“Just Keep Trying” Adaptive Athlete Tells Camp Simcha Special Girls

Adaptive athlete Lindsay Hilton had a clear message for the girls of Camp Simcha Special: "Just try."

Adaptive athlete Lindsay Hilton had a clear message for the girls of Camp Simcha Special: “Just try.”

Lindsay Hilton was born without lower limbs on her legs or arms, but that hasn’t stopped her from becoming a CrossFit sensation, company spokesperson, and award-winning adaptive athlete. This summer, she added motivational speaker to her long list of accomplishments when she broke numerous barriers for the girls of Camp Simcha Special.

“When I was little, my parents told me I could do anything, although I might have to adapt it,” Lindsay told the audience of 130 girls and close to 300 staff members. “They were right.”

Hilton said that she grew up determined to be like everyone else. Today, at 31, she has pretty much succeeded in her goal. She lives in an apartment, drives a car, spends a minimum of five days a week at her CrossFit gym, and works as a business account manager.

Hilton has been involved in sports since she was a child. A soccer, rugby, and field hockey enthusiast and player, she credits her parents and coaches for their encouragement. “I had great coaches and teachers who were always willing to make things work for me. They encouraged me to take risks,” she explained. She became an inspiration and hero to millions when a video of her attempting pull-ups at her gym went viral, amassing more than six million viewings.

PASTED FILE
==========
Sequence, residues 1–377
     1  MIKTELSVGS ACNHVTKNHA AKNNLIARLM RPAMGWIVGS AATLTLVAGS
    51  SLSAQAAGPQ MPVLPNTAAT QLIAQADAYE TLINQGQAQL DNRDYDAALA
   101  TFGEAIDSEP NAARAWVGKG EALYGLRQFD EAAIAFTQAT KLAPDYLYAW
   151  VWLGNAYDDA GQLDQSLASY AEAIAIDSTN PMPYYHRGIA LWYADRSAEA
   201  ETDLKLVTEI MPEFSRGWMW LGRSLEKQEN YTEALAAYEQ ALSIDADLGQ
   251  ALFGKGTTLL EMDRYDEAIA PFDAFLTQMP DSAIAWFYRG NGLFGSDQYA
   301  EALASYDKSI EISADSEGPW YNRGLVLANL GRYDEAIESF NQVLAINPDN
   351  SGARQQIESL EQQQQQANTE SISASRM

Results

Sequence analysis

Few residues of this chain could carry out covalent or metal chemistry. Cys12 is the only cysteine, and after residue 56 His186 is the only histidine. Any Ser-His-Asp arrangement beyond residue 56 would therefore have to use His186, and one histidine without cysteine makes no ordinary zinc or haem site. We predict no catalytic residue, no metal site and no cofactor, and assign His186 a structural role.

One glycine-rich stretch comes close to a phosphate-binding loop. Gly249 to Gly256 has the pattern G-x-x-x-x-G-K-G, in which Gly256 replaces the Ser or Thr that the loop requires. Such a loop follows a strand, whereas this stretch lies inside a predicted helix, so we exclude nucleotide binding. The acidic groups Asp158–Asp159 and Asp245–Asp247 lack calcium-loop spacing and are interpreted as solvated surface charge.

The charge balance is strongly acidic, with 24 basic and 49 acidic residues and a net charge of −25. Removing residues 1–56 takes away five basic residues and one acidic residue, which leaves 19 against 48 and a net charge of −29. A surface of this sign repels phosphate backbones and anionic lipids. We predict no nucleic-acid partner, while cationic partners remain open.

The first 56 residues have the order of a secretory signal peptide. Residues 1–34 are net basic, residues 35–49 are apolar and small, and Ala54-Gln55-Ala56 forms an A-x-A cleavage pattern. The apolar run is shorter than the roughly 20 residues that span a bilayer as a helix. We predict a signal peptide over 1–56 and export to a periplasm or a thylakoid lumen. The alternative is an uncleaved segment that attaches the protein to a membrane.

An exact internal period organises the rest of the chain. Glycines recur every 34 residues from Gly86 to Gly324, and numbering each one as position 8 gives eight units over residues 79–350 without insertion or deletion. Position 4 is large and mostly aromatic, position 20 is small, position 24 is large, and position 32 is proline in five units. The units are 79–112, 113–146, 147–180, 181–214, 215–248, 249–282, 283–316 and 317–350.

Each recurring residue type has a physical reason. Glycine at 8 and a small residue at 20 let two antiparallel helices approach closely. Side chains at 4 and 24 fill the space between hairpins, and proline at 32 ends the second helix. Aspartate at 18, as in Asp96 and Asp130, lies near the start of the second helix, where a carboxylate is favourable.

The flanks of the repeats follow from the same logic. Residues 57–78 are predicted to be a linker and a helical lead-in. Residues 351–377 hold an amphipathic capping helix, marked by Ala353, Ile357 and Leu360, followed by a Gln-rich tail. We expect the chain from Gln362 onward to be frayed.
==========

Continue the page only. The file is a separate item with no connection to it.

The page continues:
Hilton’s message reverberated around the camp’s social hall. “Just try. You shouldn’t let the fear of the unknown hold you back. There is no sense in being scared. If I had been scared or thought, “Oh, it’s not for me, there’s no way I can do this, honestly, my life would be so different.”

“Just try” is at the heart of Camp Simcha Special, Chai Lifeline’s overnight camp for children and teens with chronic illnesses. “Camp Simcha Special is a place where campers are encouraged to do new things knowing that we’ve got their back,” said Shaindy Lowenthal, the program director. “Here they learn that success starts with the belief that they can be successful, and that we will help them find a way to accomplish their goals.”

At the end of Hilton’s remarks, the girls were filled with questions. Many are concerned about looking different and being the target of bullying. Lindsay answered honestly. “People are going to look. Don’t let it hold you back.

“I can’t wallow in the fact that I don’t have arms or legs, because there is nothing that I can do to change the outcome.”

“Lindsay Hilton’s message really resonated with our campers, even though their lives are so different from hers,” said Rivkah Reichmann, Camp Simcha Special’s associate director. “They held onto her every word.”

One camper summarized the inspirational address. “You don’t know what you can do until you try. If you say no, you’re closing a door that may never open again.” She was with a group of friends; when was asked whether Hilton was right, the entire group became animated. “You bet!” they exclaimed. Then they went off to their next camp activity.

It was the perfect Camp Simcha ending.

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